This being the case, it is quite helpful to know the different types of collaborators, as well as what type you are. Some of you may be able to tell simply by looking at the image embedded above. If, however, you see a few types that you identify with (I know I did), you can also complete the following quiz:

FYI I’m officially a Taskmaster, as I’m sure some of you may have guessed!


This is the third IB accredited school where I have taught and one thing that has become apparent to me over the years is the fact that teachers everywhere struggle with the concept of International Mindedness. Sure, every one of us can define IM, but I can guarantee that most of our definitions will be quite different from one another. The truth is that International Mindedness is an extremely a broad idea, and for this reason, it can take on a multitude of different forms. This explains why it’s often quite difficult for us to explain how we include IM in our lessons.

As was mentioned in this week’s readings, a very simple way to encourage IM in a school is to promote each and every student’s parent tongue (and thus their different cultural backgrounds). This is something that I feel ISPP has been doing very well (I have been very impressed with the school’s mother tongue program) and something I try to do on a daily basis in my classes. For instance, I encourage my students to use their parent tongue when doing research (Encyclopedia Britannica School Edition is a terrific tool for doing this as it has a built in translation tool). This is something that takes little effort on my part but that shows to every student that I value their native language.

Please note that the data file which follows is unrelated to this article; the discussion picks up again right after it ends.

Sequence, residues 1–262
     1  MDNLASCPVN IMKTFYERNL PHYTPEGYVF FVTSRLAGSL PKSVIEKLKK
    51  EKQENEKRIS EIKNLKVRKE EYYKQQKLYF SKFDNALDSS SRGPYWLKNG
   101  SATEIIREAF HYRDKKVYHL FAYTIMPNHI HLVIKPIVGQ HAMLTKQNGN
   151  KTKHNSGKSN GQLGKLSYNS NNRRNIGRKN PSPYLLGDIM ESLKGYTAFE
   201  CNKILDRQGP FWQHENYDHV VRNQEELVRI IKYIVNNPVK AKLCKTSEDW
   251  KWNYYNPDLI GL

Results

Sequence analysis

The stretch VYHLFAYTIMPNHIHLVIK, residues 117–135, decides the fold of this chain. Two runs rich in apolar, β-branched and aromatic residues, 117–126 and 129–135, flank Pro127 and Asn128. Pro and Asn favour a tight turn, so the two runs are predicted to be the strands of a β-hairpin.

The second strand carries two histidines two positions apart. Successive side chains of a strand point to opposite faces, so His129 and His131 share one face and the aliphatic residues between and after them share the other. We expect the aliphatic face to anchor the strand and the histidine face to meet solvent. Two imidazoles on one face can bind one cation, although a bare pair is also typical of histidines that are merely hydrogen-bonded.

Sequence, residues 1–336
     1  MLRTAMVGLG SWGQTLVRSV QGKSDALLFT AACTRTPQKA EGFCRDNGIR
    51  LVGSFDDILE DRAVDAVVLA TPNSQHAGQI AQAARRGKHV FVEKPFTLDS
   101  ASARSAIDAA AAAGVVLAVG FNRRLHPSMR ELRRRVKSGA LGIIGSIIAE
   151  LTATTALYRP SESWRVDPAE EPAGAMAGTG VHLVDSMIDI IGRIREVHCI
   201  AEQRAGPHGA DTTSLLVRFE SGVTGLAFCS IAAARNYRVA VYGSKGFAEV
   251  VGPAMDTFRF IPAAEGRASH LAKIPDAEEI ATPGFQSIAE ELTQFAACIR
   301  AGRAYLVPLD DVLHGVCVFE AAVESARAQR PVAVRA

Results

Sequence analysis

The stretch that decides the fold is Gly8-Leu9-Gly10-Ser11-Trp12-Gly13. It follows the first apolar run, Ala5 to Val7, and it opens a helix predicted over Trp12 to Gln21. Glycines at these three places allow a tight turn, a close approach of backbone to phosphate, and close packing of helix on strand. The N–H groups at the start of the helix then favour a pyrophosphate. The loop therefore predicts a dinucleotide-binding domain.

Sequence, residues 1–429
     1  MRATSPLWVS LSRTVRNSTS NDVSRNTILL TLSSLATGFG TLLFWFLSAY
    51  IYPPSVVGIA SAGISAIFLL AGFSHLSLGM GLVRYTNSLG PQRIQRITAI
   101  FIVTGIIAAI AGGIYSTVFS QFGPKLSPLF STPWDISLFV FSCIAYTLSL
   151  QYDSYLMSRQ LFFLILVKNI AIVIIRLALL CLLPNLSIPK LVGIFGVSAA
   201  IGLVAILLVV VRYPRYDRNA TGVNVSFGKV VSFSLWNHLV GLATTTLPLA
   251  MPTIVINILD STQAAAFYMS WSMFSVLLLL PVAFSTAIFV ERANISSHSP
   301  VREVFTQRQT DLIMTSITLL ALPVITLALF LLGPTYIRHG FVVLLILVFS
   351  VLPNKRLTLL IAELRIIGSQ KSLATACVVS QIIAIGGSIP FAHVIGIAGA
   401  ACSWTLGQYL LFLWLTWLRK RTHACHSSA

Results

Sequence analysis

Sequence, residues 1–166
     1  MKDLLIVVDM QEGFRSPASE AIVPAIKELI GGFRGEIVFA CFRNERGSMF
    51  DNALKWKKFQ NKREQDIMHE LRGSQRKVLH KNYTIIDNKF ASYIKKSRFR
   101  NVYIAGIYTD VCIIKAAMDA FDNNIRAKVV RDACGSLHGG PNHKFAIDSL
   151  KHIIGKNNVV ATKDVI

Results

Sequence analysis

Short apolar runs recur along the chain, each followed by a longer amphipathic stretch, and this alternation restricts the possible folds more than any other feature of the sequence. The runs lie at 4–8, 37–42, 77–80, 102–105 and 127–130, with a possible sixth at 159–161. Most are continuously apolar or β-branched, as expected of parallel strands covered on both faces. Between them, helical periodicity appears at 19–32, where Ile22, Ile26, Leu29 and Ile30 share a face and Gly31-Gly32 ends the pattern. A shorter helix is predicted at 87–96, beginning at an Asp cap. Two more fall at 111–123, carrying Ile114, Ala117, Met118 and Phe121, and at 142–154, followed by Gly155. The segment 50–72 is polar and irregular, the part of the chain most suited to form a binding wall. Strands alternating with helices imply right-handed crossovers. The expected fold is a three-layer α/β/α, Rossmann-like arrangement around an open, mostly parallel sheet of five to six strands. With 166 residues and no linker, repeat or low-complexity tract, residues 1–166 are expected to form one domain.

Why Inquiry-Based Learning Makes Sense


As I read through week three of the Orientation course, I was happy to discover that a large portion of our learning here will be inquiry-based (in the form of teacher inquiry groups). This, to me, makes sense for a number of reasons. Firstly, we are all IB teachers, and as such, inquiry-based learning is what we do every day. In the PYP,  Units of Inquiry lie at the heart of our program, while in the MYP, Statements of Inquiry and Inquiry Questions guide our teaching. Inquiry makes our lessons engaging, relevant, and challenging, and our students truly benefit from this. Seeing as this is the case, it only makes sense that we use inquiry-based learning when it is our turn to be the learners.

In addition to this, inquiry-based learning is also an excellent way of developing language in our students. The reason for this is simple: it is built on our students’ individual knowledge and interests, which includes their knowledge of language itself. By using inquiry-based learning in our classrooms, we give our students the opportunity to “think” in the language of their choice (which will often be their mother tongue). This allows them to develop a far better understanding of the key concepts being taught, which leads to them making stronger connections between this knowledge and the vocabulary that goes with it.